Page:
Tens of thousands of turbines anchored to the bottom of the Mississippi River could someday provide more than a gigawatt of renewable energy, enough to power a quarter of a million homes. That’s the vision of Free Flow Power, a startup based in Gloucester, Massachusetts, that recently received preliminary permits from the U.S. Federal Energy Regulatory Commission (FERC) granting it the right to explore energy production at dozens of sites along the lower Mississippi over the next three years.
The proposed development is one of a number of “hydrokinetic” projects in the works. Such projects seek to generate electricity from wave movement, tidal flows, or river currents, without the use of dams.
The ambitious Mississippi project, however, relies on relatively unproven technology. The only commercial hydrokinetic river-power system operating in the U.S. is a single turbine deployed by Hydro Green Energy close to a conventional hydropower dam on the Mississippi River in Hastings, Minnesota.
Free Flow hopes to deploy hydrokinetic power on an unprecedented scale: hundreds of 40-kilowatt turbines, each the size and shape of a large jet engine and attached to pylons jutting out from the riverbed at 88 locations along the Mississippi.
Although most companies developing hydrokinetic technology have focused on tidal or wave energy, Free Flow’s chief financial officer, Henry Dormitzer, argues that river power has distinct advantages. “The water flows in one direction, it doesn’t have salt in it, and, in the case of the Mississippi, people have spent 100 years tracking water flows and velocities,” he says.
But the Mississippi is also one of the world’s busiest waterways, and the company will have to demonstrate that its turbines will not interfere with commercial shipping, and that it will have no negative impact on the river’s wildlife.
In July 2009, Free Flow began a six-month test of a pilot turbine (a third the size of the planned commercial ones) in the Mississippi, and the company is now testing a commercial-scale prototype in the lab. Free Flow has also received $7.4 million in funding from investors and from the U.S. Department of Energy that will allow it to test its most recent prototype in the Mississippi next year. Free Flow Power is seeking additional funding to test four turbines, each attached to a separate pylon, over a 12-month period, as required by FERC as part of the licensing process.
Free Flow uses a “shrouded turbine” design that channels water through the turbine’s blades. Water passes through a rotor with seven blades that are designed for a slow spin rate to minimize fish strikes. The turbines will be sited 10 or more feet off the riverbed. At this depth, water moves, on average, at one to three meters per second.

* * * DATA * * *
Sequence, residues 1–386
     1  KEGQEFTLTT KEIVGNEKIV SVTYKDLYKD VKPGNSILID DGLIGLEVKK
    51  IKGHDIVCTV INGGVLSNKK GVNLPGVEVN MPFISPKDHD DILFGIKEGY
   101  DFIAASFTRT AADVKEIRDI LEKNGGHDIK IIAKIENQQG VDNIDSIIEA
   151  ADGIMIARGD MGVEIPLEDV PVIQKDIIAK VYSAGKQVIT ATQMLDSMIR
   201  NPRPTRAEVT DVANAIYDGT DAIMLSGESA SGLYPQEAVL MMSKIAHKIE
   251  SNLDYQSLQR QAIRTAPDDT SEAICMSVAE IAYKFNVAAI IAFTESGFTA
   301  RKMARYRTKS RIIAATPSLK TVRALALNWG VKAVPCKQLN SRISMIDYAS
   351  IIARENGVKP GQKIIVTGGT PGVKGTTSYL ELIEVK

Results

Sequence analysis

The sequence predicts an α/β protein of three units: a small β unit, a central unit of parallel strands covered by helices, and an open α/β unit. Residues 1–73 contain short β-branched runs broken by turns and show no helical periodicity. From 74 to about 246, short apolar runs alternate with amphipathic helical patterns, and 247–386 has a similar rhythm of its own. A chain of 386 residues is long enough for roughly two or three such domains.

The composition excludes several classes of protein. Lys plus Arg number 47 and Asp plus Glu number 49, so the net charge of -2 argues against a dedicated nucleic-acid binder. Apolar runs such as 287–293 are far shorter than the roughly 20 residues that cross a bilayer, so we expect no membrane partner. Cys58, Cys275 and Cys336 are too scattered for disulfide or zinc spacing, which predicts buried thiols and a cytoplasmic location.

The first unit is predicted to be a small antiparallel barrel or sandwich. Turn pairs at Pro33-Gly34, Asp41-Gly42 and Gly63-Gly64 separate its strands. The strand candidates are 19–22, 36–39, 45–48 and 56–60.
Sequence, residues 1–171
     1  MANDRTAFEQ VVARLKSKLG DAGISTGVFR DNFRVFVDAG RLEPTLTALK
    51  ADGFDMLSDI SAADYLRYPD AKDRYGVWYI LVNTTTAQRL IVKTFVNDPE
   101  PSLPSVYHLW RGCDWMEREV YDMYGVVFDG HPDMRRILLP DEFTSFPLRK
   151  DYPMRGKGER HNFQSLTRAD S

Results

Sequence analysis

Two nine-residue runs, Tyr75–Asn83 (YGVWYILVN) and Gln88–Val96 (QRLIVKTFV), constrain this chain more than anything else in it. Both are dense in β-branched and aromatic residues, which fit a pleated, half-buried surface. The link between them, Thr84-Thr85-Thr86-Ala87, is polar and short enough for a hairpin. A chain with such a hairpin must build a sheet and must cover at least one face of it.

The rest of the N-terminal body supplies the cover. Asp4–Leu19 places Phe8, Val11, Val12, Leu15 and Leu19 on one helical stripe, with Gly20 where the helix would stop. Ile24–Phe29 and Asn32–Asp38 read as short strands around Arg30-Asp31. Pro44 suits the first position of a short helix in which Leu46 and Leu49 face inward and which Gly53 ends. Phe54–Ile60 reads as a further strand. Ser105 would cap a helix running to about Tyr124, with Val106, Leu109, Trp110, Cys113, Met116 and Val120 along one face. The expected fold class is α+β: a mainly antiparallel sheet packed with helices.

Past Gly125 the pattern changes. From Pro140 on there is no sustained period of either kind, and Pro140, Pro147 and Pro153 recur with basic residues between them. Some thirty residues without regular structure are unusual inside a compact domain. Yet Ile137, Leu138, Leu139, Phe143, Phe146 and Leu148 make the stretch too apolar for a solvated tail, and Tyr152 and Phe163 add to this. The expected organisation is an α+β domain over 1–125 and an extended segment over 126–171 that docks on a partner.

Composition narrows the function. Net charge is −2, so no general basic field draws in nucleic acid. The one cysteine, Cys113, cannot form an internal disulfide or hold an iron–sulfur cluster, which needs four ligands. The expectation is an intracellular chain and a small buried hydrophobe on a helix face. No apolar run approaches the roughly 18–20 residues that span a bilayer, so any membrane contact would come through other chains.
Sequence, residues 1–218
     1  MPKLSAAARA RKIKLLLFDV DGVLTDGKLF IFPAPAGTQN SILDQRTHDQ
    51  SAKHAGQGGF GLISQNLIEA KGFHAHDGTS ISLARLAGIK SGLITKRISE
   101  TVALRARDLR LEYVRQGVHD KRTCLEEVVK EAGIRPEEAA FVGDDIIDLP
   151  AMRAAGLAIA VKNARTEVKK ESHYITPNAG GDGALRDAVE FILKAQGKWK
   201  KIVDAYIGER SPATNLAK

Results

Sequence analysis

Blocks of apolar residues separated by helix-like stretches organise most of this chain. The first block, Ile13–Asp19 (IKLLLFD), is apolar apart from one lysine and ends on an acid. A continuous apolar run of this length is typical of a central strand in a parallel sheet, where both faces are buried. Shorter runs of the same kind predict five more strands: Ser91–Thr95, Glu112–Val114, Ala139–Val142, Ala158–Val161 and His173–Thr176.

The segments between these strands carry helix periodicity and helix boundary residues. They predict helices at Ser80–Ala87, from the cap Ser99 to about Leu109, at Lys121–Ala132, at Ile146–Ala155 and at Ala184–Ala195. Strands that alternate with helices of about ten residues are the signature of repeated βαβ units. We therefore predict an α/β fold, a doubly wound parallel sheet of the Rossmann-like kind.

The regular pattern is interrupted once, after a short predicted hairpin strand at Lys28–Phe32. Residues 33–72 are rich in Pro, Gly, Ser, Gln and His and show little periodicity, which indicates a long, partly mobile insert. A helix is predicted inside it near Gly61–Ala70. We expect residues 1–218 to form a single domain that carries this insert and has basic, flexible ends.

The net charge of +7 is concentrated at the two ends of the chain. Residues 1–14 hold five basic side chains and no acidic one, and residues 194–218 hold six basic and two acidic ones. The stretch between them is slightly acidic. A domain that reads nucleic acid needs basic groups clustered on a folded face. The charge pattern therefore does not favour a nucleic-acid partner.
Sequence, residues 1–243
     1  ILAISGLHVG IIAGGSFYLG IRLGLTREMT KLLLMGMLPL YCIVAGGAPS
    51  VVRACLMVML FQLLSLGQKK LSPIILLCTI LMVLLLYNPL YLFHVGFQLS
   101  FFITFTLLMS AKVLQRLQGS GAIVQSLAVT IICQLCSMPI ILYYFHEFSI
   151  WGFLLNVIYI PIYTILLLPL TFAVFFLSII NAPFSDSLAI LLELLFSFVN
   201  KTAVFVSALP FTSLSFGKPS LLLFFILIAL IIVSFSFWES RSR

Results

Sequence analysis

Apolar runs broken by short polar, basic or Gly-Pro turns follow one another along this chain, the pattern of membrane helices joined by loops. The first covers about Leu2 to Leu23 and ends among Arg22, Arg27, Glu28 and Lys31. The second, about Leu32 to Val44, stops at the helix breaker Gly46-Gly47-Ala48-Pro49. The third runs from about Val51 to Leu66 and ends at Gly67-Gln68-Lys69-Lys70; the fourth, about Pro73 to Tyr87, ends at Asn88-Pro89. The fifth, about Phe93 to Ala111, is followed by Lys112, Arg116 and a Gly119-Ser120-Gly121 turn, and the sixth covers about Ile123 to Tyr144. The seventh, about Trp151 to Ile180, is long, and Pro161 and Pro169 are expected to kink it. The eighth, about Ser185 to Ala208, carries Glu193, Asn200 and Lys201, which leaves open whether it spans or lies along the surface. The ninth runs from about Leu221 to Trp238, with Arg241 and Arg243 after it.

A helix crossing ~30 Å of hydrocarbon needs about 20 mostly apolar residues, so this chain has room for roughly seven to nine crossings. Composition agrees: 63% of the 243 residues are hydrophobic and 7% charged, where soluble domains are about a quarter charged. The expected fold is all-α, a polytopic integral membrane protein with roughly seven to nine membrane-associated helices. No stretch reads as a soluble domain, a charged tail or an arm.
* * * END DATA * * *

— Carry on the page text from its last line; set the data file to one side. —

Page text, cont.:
A 2007 study by the Electric Power Research Institute in Palo Alto, California, predicted that the U.S. could develop three gigawatts of hydrokinetic power from rivers by 2025. That’s the equivalent of roughly two new nuclear power plants. “There is no question the potential for hydrokinetic river power is huge, but this industry is so young, it’s very hard to say how economically viable it will be,” says Andrea Copping, a senior program manager at Pacific Northwest National Laboratory in Sequim, Washington.
Copping says hydrokinetic power needs a strong commitment from commercial and government interests if it’s to take off. “Unless there are public funds to help get this industry off the ground, we are not going to have an industry,” she says. “Right now the early developers are being hit with really expensive studies, because the FERC doesn’t know what the problems are, so they want the individual companies to look at all potential problems.”
Michael Bahleda, an energy consultant with U.K.-based Halcrow Group, says securing the funding needed to carry out the necessary studies may prove difficult. “Until you get through the licensing process, investors aren’t going to commit a lot of money,” he says. “As it stands now, the permitting and licensing is very time-consuming. It’s hard to attract capital until you are further along in that process.”
Bahleda also questions whether some of the chosen sites along the Mississippi will prove viable, either because of insufficient water-flow rates or because of regulatory issues related to shipping and the environment.
The biggest environmental challenge will be preventing direct strikes to fish and other organisms. Even if individual turbines cause only a small number of strikes, the sheer size of Free Flow’s proposed project raises significant concerns, says U.S. Fish and Wildlife Service biologist Joyce Collins, who is working with Free Flow to study strike issues. Collins says the company will have to pay particular attention to an endangered species that lives in the Mississippi called the pallid sturgeon.
Free Flow Power will also have to convince barge operators that their turbines won’t interfere with commercial traffic. “There are times where you can have a low-water period where there is only 10 to 20 feet from the bottom to the top of the water; if you have pylons installed in certain areas, a vessel could run into them,” says Mark Wright, vice president of the American Waterways Operators, a trade group representing the tugboat, towboat, and barge industry.
Edward Lovelace, Free Flow Power’s vice president of engineering, says all of the sites selected by Free Flow Power will have sufficient clearance above them even during periods of low water. Drawing on historical flow data from the Mississippi, the company selected sites that maintained a depth of at least 40 feet during approximately 100-year lows. Such sites would allow for a minimum of 20 feet of water above the tops of the turbines for barges that draw no more than 14 feet of water.
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